Bond University Actuarial Students Tory Rowley James and Thomas Aspinall discuss why the actuarial career is an investment that will stand the test of time in all aspects of the professional sector.
The actuarial profession is a growing demand in today’s competitive job market. Companies are becoming ever more aware of the importance of managing liabilities and risk exposure, resulting in the core skills an Actuary provides becoming increasingly sought after by company directors.
Employers are looking for individuals who encompass analytical as well as problem solving skills to use historic data and turn it into useful information for goals and performance strategies, whilst acting in a professional manner, without personal bias, and providing vital management consulting. Actuarial graduates need to invest in building skills that differentiate and enhance their ability to perform in the workplace optimally; not only to stand out in applications but to ensure long-term durability throughout their career.
"These skills are malleable and durable because they tier through extended learning."
An actuarial career can branch into many different pathways. Actuaries usually work in fields of insurance, finance, economics and public health. However, due to the growing demand for actuaries, the need for their skill sets are used in a wide range of industries throughout the world. The Actuarial consulting process is designed to use a management framework that works in all types of industries and situations, from calculating reserves for large life insurance companies to analysing the risks and operations of a coffee shop.
These skills are malleable and durable because they tier through extended learning. They align with the movements of information and big-data that are and continue to affect the major stakeholders of the business world. Actuaries constantly nurture their foundation skills by extending education and research on the job to withstand the ever-growing inflated hurdles which govern the short-term and long-term results of any organisation.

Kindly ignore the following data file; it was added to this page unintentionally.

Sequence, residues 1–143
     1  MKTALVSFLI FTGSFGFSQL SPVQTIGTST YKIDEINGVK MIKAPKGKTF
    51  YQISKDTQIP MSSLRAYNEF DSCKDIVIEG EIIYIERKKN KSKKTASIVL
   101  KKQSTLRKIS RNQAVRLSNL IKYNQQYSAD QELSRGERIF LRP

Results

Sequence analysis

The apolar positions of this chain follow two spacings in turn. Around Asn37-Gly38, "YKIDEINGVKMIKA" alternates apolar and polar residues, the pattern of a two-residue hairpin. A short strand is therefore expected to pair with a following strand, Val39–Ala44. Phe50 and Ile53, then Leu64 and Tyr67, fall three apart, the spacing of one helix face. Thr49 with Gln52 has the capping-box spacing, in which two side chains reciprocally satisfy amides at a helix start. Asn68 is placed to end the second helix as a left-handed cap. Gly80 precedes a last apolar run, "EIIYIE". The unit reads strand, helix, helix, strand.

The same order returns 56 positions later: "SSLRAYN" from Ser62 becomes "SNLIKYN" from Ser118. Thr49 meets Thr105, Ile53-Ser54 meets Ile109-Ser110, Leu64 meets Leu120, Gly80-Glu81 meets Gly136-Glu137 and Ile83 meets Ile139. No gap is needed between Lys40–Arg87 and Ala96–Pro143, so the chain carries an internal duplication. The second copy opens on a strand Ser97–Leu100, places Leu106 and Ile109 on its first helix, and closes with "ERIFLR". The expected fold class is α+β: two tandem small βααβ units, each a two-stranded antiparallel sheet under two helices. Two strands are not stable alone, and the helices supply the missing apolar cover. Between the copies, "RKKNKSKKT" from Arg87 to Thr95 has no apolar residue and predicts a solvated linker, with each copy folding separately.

These skills are not only universal but are highly transferrable across the board. Actuaries are valuable to more than one industry because they aim to solve uncertainty and provide useful insight to assist strategic planning. An Actuary uses mathematics as a tool to analyse data and transform this into viable information, in conjunction with the knowledge of the internal and external factors that can affect a range of commercial practices including economical and government influences. Thus, the profession can be moulded to be useful into a range of different situations, departments and industries.
The Actuarial profession has recently found itself branching out from the traditional roles of working within the insurance sector and into other industries. This makes the career prospects of actuaries both vast and exciting. The potential future roles that Actuaries may find themselves working in include any consulting position in which they are able to provide advice to administrators and directors. It’s possible that the Actuarial profession could see itself becoming more prominent within the political sector, providing advice on fiscal policy as well as risk management procedures to potential new laws or policies the government is trying to provide.
Those considering studying Actuarial Sciences will find the time required to invest in relevant study courses and build the portfolio of tools will be challenging but recompensing. They will also find themselves with a set of skills that can be utilized across an increasing number of industries and roles.
The Actuarial career is an investment that will stand the test of time in all aspects of the professional sector. It centres around risk management and answering questions and thus will always be useful from the planning to the outset of business endeavours.
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